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The Hidden Piano Treasure of Jean Sibelius

Strangely enough, it would be quite easy to attend piano recitals for years and never hear a note of Sibelius. Now Norwegian pianist Leif-Ove Andsnes makes an adventurous raid into Sibelius’ native Finland and want us to change that. It is not surprising that his playing is immaculately detailed and sympathetic Read more >>

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Author Topic: Berlin Summer Courses for physiologically/psychologically healthy pianism  (Read 3020 times)
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« on: June 11, 2013, 09:01:04 PM »

You are cordially invited to the Berlin Summer Courses for Physiologically/Psychologically Healthy Pianism. Please find the brochure available for download http://aboutme.heatherodonnell.info/Berlin-Summer.pdf

About the courses:

Piano pedagogy often relies heavily on teaching traditions developed throughout the 19th century that focus on subjecting a student to a rigorous program of study, requiring endless (and often mindless) repetition, uncritical adherence to a prescribed system of musical values, and the potential of engaging in harmful psychological mechanisms of stifling interdependence between the teacher and student.  Traditional pedagogy can also place excessive strain on the body by engaging in physiologically unhealthy practices.
My pedagogical work seeks to identify more effective methods of helping pianists of varying abilities and levels of commitment develop, in order to achieve a level of competence that helps them realize their musical potential and provides a sense of personal fulfillment through the process of learning music. A central theme of the lessons is the process of translating a musical intention into a corresponding physical gesture, or, in other words, finding the embodiment of a musical idea.  In the lessons, I concentrate on using imagery to identify processes that take place in the mechanics of playing, from the interconnectivity of chains of muscles, tendons, fascia and bones connecting the finger tips through to the arms and back, to cognitive processes of input and feedback.  The learning process can be identified as an ever-increasing and acute psychological and physical self-awareness coupled with an equally expanding strength of imagination for musical expression. This aspect of self-awareness can be developed by a deepened understanding of the mechanics of the mind and body.  The musical imagination can be developed by contact with a wide array of music as well as other types of creative expression. It also grows through an unencumbered empathetic and sympathetic relationship to the emotional content in music.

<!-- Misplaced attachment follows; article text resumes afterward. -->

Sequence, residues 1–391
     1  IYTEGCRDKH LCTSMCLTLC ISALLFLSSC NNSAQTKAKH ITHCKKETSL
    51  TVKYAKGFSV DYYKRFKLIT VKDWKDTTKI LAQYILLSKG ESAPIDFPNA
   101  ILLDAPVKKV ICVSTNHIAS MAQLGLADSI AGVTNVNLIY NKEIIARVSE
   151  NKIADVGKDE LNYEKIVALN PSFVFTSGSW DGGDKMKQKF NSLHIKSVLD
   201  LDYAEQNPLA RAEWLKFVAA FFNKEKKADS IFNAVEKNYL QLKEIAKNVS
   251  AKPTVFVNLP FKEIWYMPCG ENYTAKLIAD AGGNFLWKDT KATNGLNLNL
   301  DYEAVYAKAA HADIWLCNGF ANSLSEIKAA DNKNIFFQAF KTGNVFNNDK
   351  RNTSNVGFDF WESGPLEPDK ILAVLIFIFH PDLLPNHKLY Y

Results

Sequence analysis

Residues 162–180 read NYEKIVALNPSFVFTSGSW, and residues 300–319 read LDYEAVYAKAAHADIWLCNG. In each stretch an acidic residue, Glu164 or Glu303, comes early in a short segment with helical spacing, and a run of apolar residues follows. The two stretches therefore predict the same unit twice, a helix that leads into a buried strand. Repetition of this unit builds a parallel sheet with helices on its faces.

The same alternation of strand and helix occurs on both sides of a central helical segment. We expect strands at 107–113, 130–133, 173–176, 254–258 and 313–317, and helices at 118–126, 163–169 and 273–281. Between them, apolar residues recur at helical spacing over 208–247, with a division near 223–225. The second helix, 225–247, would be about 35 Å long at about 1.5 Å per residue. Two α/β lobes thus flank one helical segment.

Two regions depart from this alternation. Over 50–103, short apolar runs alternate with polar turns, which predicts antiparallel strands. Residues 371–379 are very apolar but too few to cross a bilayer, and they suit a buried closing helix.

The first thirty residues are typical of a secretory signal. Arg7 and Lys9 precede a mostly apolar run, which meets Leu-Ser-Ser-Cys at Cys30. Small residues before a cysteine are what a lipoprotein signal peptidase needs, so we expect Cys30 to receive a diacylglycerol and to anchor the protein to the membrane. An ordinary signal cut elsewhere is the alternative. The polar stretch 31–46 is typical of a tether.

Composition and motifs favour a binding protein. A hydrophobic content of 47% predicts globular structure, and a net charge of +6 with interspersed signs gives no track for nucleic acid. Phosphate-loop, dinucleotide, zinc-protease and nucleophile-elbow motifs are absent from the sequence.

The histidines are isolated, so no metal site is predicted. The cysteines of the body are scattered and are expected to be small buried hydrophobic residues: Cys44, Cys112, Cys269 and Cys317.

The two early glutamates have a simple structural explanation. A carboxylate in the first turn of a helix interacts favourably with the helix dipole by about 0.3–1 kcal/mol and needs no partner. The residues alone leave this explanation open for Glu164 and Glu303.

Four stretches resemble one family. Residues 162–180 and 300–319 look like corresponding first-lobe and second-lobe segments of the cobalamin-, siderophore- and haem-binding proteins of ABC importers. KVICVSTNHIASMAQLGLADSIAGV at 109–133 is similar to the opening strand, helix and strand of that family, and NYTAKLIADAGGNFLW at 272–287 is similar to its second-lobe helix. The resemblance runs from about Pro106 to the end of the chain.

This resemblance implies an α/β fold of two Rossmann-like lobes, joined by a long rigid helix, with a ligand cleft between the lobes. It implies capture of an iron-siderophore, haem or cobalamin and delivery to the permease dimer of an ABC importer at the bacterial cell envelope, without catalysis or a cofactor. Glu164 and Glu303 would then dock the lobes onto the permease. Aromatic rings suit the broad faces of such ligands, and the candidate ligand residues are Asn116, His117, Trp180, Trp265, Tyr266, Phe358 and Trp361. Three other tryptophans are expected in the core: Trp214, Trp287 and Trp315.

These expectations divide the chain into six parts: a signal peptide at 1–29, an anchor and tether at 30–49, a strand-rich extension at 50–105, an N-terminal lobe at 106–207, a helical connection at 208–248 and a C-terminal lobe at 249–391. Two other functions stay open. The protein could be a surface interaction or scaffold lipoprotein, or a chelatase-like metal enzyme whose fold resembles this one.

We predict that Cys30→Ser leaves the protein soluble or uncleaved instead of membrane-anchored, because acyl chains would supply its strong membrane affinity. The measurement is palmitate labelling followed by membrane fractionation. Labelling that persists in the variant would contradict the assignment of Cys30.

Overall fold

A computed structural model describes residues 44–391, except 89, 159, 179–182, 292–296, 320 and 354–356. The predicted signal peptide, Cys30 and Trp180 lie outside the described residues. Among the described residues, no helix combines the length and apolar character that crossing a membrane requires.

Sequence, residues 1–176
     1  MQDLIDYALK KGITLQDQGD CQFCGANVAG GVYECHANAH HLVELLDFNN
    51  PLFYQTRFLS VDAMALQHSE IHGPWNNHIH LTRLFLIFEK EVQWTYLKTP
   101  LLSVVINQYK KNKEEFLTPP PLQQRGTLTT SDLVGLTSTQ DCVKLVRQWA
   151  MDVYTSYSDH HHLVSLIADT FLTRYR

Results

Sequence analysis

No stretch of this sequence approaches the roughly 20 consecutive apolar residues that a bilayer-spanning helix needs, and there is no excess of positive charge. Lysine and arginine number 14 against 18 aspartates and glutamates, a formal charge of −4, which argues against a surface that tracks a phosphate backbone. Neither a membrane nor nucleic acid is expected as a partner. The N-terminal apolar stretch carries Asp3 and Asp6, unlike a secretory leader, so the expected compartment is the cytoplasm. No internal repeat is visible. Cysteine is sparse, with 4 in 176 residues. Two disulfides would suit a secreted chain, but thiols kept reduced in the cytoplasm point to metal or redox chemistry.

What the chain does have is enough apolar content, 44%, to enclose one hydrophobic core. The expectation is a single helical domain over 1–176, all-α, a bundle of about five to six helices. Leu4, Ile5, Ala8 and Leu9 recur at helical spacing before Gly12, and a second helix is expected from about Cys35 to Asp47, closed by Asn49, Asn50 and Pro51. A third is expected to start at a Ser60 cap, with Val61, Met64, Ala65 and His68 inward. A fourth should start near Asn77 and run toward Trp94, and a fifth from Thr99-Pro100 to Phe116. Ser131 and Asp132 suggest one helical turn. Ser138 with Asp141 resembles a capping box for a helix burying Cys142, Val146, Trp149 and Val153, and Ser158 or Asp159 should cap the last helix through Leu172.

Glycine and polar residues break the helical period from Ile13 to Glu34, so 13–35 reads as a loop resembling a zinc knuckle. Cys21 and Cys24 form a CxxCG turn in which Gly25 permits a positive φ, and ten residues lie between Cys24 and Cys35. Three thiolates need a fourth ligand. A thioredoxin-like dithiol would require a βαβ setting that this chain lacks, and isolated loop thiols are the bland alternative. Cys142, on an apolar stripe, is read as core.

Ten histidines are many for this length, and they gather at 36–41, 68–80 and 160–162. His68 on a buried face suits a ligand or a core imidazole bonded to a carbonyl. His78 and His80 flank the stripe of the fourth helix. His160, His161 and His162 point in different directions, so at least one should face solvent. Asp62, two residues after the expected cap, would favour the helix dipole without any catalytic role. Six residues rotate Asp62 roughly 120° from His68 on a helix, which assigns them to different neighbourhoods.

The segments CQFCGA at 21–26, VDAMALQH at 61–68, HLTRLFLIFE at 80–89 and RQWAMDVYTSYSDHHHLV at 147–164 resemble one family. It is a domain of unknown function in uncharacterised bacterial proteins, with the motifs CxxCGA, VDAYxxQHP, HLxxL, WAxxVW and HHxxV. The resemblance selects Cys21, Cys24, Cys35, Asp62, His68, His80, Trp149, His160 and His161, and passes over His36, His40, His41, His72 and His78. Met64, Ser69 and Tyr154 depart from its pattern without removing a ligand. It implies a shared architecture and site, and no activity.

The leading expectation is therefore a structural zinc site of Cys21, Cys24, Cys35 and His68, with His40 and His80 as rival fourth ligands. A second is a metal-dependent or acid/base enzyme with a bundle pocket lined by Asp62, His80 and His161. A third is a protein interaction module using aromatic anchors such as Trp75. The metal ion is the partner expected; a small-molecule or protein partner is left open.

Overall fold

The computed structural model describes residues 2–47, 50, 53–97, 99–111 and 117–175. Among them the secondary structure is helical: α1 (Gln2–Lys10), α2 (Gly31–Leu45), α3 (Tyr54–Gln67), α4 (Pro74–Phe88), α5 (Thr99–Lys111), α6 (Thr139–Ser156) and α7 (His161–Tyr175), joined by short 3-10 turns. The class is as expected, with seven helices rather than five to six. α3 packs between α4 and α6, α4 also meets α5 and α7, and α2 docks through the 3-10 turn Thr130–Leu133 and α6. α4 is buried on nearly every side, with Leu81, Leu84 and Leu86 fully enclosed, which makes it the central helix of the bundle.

I seek to convey these ideas with simple and understandable imagery geared to the individual student.  The summer courses will be taught in group lessons, working with one student while other students observe and provide feedback.  In addition to playing for each other, we will spend some time watching videos of great pianists, identifying aspects of their playing mechanism that may have helped or hindered their musical intentions.  The atmosphere of the summer course will open, productive, and collegial.  The course is intended for young pianists ages 15 to 30 , especially those who are struggling with physical or psychological blockages in their playing.  Piano teachers and amateurs are also welcome to participate in the courses. 

American pianist and pedagogue Heather O'Donnell’s career spans over fifteen years as a performing musician, teacher, and curator.  Recently her focus has shifted from performing to researching new insights into music pedagogy. She is involved in studies in physiology, anatomy, cognition, memory, processes of learning, developmental psychology, historical musical pedagogy, and therapeutic applications of music. Her interdisciplinary work was profiled in a radio documentary for Deutschlandfunk, “Keys, Hands, Neural Networks. The pianist Heather O’Donnell.” She maintains an active teaching studio in Berlin, serves on the jury of international competitions, and is pursuing a degree in psychology at the Freie Universität in Berlin.

Thanks for your interest.

Best regards,
Heather O'Donnell

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